Currently, AAVs are the leading platform for gene delivery in the treatment of retinal dystrophies. AAVs are mainly investigated because of their low toxicity, their capability to transduce both dividing and non-dividing cells, they do not integrate into the host genome, and AAV capsid variants display distinct cell tropisms. A complete overview of basic AAV biology, AAV vectorology, and current therapeutic strategies and clinical progress was recently reviewed by Wang et al. (2019) and Buck and Wijnholds (2020). The major disadvantage of AAVs is their limited package capacity, bigger gene expression cassettes than 4.5 kb are not able to fit within a single AAV. Because of this, the development of AAV-mediated CRB1 gene therapy is also challenging. Full-length cytomegalovirus (CMV) ubiquitous promoter and CRB1 cDNA exceeds the AAV package limitation. However, using an engineered minimal CMV promoter and codon optimized CRB1 cDNA allowed sufficient expression levels of full-length CRB1 protein in MGCs in mice (Pellissier et al., 2014a). Pre-clinical studies in mouse using this AAV-CMVmin-hCRB1 have shown that expression of CRB1 was deleterious in CRB1 mouse models but not in wild-type mice (Pellissier et al., 2015). In addition, there are more potential CRB1 transcript variants which could be targeted (Quinn et al., 2017). Interestingly, alternative strategies using the codon-optimized structural and functional family member CRB2 to rescue CRB1-related retinopathies restored retinal function and structure in Crb1 mouse models (Pellissier et al., 2015). In that study, improved photoreceptor layer morphology and ERG response was detected after CRB2 delivery. The combination of AAV9 with a full-length CMV promoter was used to target both photoreceptor and MGCs, whereas no rescue was observed when either photoreceptor or MGCs were targeted with CRB2 (Pellissier et al., 2015). In addition, several groups explored the possibility to overcome the limiting AAV package capacity by dual or triple-AAV approaches (Trapani et al., 2014; Carvalho et al., 2017; Maddalena et al., 2018) or by increasing the package capacity (Ding and Gradinaru, 2020). Yet, the studies performed so far have shown that the dual AAV approaches have lower expression levels compared to a single AAV vector (Trapani et al., 2014; Carvalho et al., 2017).
Several research groups focus on AAV-mediated gene delivery to define the tropism in hiPSC-derived retinal organoids and/or RPE. Out of four different AAV capsids packaged with the CAG promoter and GFP (AAV2, AAV2-7m8, AAV8, AAV9), Garita-Hernandez et al. (2020) showed with AAV2-7m8 infection at day 44 the most efficient transduction of the hiPSC-derived retinal and RPE organoids. Limited transduction of AAV9 was found (Garita-Hernandez et al., 2020). Another study showed, using AAV-CMV-GFP constructs, a more efficient retinal organoid transduction at DD220 especially in MGC with AAV5 or ShH10Y445F capsids in comparison with AAV9 (Quinn et al., 2019a). Recently, Lane et al. (2020) demonstrate efficient PRCs transduction in DD140 retinal organoids using an AAV5 packaged with the CAG promoter. Moreover, AAV5-mediated gene augmentation with human RP2 was able to rescue the degeneration found in RP2 KO retinal organoids by preventing ONL thinning and restoring rhodopsin expression (Lane et al., 2020). Therefore, testing CRB1- or CRB2-expressing vectors in retinal organoids will aid in the discovery of CRB gene therapy treatment for CRB1-related retinal dystrophies in patients.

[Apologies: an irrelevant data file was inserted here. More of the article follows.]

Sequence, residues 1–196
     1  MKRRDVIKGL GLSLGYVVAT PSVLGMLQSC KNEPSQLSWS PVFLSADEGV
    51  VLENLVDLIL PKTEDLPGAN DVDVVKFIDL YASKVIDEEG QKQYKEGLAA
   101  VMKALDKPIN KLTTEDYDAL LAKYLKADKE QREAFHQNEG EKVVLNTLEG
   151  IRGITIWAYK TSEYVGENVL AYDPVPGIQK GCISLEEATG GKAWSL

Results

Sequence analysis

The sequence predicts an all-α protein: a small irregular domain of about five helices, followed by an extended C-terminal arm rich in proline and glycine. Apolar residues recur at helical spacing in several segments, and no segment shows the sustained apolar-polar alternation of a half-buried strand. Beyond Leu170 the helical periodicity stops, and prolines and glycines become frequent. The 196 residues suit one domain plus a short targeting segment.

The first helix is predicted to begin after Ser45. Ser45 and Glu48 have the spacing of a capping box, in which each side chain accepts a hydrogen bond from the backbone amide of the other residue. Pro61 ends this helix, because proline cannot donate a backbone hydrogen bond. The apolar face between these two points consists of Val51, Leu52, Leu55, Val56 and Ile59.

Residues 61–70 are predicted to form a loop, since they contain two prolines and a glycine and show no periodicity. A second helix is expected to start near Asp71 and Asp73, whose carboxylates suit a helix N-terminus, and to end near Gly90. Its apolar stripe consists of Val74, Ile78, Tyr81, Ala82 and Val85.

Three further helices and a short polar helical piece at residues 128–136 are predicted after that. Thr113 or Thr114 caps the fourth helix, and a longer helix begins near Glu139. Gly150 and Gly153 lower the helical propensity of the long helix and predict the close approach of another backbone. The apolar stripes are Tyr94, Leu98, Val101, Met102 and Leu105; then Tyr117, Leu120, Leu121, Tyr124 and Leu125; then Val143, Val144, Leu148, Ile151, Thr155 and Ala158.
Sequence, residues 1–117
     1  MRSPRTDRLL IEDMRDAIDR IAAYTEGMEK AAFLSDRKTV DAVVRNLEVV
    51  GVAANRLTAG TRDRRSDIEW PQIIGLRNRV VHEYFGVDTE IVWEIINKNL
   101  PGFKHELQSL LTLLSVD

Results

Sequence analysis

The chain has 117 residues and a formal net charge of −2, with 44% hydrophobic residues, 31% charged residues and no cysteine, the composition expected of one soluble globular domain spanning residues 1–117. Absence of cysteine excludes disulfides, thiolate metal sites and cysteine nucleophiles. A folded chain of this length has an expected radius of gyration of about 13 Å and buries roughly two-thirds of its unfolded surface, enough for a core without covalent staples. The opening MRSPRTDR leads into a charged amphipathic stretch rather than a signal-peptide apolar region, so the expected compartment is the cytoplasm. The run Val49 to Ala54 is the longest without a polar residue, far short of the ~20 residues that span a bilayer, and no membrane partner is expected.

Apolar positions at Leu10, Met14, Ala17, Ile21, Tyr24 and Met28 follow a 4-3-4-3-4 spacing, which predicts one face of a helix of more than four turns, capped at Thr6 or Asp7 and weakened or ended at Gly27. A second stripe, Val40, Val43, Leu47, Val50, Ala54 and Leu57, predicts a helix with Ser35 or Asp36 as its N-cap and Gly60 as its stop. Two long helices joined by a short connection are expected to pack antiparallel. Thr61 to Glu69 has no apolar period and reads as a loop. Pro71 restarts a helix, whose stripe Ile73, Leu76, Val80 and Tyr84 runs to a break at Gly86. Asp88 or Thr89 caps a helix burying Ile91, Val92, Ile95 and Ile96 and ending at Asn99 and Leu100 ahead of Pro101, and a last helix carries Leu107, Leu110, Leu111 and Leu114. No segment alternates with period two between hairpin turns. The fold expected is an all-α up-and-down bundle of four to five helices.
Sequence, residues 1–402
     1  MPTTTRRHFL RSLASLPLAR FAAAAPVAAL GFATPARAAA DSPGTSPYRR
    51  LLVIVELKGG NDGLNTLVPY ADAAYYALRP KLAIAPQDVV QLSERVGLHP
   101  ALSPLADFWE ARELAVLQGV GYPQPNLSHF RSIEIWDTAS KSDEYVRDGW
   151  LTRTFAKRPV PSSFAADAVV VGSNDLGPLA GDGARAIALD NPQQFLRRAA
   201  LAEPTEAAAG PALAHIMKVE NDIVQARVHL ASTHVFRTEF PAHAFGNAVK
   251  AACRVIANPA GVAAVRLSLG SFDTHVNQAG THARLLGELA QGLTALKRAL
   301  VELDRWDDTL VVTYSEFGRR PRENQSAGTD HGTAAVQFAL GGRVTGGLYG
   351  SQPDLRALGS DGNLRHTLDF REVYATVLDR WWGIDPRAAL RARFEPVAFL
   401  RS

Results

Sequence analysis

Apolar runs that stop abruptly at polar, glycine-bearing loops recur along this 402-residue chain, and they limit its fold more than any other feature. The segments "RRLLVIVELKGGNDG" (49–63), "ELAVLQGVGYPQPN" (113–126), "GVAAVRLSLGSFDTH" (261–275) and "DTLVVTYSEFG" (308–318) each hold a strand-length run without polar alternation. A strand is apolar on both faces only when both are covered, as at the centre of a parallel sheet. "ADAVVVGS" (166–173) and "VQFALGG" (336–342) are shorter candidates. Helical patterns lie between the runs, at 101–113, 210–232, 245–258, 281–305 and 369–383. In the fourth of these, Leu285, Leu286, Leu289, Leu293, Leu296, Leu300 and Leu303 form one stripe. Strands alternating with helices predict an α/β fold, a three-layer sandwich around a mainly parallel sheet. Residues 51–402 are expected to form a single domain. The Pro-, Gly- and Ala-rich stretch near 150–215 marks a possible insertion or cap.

In addition, there are different non-viral mediated approaches for gene therapy. An example is the use of nanoparticles. Three representative nanoparticles, namely metal-based, polymer-based, and lipid-based nanoparticles, were recently reviewed describing their characteristics and recent application in ocular therapy (Wang et al., 2018). Shortly, the most extensive characterized nanoparticle is the polymer-based CK30-PEG nanoparticle, which contains plasmid DNA compacted with polyethylene glycol-substituted lysine 30-mers (Fink et al., 2006; Han et al., 2012). Theoretically, these approaches have an unlimited gene packaging capacity, which display a big advantage for large genes such as CRB1. These nanoparticles are also able to infect RPE and PRC, and can drive gene expression on a comparable scale and longevity than AAVs in mice (Cai et al., 2009; Han et al., 2012). CK30-PEG nanoparticles have a tolerable safety profile and is non-toxic in mouse and non-human primate eyes (Ding et al., 2009; Akelley et al., 2018). To our knowledge, there is no successful clinical study described using these nanoparticles so far. More research is required to define the clinical relevance of these nanoparticles in retinal gene therapy. Further pre-clinical research and clinical trials will aid in the discovery of new gene therapy approaches for CRB1-related retinal dystrophies in patients. A retrospective CRB1 natural history study (NHS) has been published (Talib et al., 2017), and their prospective NHS with strategies for evaluation of the efficacy of novel clinical therapeutic interventions in the treatment of CRB1-retinal dystrophies will be reported in the end of 2020. Recently, a French biotech company called HORAMA signed an exclusive license agreement with Leiden University Medical Center targeting CRB1 gene mutations to treat inherited retinal dystrophies. Based on current timelines, HORAMA expects initiating a Phase I/II clinical study with the drug candidate in 2023 (HORAMA, 2020).